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Bono: The good news on poverty (Yes, there’s good news)
Human beings have been campaigning against inequality and poverty for 3,000 years. But this journey is accelerating. Bono “embraces his inner nerd” and shares inspiring data that shows the end of poverty is in sight … if we can harness the momentum.
Bono, the lead singer of U2, uses his celebrity to fight for social justice worldwide: to end hunger, poverty and disease, especially in Africa. His nonprofit ONE raises awareness via media, policy and calls to action.
WHY YOU SHOULD LISTEN TO HIM?
Irreverent, funny, iconoclastic and relentless, Bono has proven himself stunningly effective in encouraging and cajoling the world’s most powerful leaders to take seriously the challenge of disease and hunger and seize the historic opportunity we now have to beat extreme poverty, especially in Africa, through technological innovation, smart aid, transparency and investments which put citizens in charge.
As lead singer of U2, Bono performed at Live Aid in 1985, which inspired him to travel to Ethiopia with his wife, Ali. There they spent several weeks helping with a famine relief project. The experience shocked him and ignited a determination to work for change. In Bono’s own words, “What are the blind spots of our age? It might be something as simple as our deep-down refusal to believe that every human life has equal worth”. In 2005, the year of Make Poverty History, Bono became one of the inaugural winners of the TED Prize; he used his wish to raise awareness and inspire activism.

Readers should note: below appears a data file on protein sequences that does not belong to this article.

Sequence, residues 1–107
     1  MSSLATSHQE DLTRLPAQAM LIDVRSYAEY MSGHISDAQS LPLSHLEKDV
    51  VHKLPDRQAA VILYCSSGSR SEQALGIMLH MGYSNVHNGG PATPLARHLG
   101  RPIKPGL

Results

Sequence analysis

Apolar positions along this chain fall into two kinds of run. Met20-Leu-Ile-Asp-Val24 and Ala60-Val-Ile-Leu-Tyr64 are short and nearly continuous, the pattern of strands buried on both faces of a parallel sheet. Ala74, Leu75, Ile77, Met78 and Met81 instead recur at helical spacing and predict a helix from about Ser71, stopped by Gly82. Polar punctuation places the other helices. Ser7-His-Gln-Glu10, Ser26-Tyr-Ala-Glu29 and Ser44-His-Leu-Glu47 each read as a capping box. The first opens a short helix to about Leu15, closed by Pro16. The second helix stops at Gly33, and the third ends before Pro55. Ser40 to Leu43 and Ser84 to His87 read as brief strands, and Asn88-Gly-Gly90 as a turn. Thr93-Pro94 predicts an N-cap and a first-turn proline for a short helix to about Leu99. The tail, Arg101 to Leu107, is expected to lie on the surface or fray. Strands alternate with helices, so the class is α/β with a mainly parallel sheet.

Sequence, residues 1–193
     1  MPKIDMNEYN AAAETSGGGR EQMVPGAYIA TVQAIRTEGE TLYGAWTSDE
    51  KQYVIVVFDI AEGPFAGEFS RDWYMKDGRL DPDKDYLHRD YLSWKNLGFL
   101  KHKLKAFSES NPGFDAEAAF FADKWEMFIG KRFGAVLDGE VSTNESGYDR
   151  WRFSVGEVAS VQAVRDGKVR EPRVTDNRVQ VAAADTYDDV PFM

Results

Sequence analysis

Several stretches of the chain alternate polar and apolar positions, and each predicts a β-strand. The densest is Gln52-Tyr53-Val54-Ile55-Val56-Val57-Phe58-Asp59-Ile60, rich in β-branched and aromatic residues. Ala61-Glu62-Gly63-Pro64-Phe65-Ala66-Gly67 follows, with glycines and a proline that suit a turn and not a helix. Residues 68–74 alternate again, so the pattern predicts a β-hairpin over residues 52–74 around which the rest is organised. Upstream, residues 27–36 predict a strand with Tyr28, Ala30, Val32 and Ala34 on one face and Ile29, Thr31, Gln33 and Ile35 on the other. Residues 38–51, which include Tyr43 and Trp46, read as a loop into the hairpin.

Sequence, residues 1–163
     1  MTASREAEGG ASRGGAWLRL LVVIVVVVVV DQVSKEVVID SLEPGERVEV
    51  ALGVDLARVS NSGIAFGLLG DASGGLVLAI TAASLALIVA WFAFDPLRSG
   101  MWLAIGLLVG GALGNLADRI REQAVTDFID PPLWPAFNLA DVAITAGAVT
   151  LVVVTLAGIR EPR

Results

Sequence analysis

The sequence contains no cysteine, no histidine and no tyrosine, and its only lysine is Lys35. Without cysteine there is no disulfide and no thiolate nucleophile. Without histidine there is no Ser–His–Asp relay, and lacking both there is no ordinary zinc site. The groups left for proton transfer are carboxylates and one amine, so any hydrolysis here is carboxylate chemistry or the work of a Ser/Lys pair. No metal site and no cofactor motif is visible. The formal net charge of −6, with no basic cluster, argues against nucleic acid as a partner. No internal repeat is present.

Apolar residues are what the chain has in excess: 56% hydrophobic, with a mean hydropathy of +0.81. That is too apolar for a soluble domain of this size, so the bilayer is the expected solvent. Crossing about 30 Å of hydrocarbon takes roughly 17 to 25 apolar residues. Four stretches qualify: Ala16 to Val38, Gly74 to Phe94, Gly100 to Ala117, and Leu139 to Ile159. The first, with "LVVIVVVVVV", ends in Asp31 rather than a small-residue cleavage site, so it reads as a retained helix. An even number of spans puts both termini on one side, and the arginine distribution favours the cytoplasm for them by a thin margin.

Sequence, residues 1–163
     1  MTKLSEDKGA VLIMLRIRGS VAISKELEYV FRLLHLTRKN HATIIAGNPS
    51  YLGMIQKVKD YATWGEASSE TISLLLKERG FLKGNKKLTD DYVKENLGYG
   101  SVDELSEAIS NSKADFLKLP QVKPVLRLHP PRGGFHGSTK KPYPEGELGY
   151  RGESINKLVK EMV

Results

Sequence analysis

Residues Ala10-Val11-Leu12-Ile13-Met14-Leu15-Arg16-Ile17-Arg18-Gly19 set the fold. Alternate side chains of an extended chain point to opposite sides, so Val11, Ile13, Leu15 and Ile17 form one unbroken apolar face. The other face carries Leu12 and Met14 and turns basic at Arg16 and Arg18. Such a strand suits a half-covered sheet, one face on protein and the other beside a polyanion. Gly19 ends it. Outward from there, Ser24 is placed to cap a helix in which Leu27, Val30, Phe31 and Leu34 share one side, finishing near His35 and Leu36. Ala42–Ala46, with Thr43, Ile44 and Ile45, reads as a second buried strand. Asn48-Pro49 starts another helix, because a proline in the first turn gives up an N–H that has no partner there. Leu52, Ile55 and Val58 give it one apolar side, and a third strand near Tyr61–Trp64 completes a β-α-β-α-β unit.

In 2002, he co-founded DATA (Debt, AIDS, Trade, Africa), which later became the advocacy and campaign organization, ONE. Today ONE has more than 3 million members who pressure politicians around the world to improve policies to empower the poorest. Thanks to these efforts, along with those of partners and grassroots leaders in Africa, these policies have delivered results. For example, eight million people are now on life preserving antiretoviral medications, malarial death rates have been halved in eight target countries, 50 million more children are in school and 5.4 million lives have been saved through vaccines.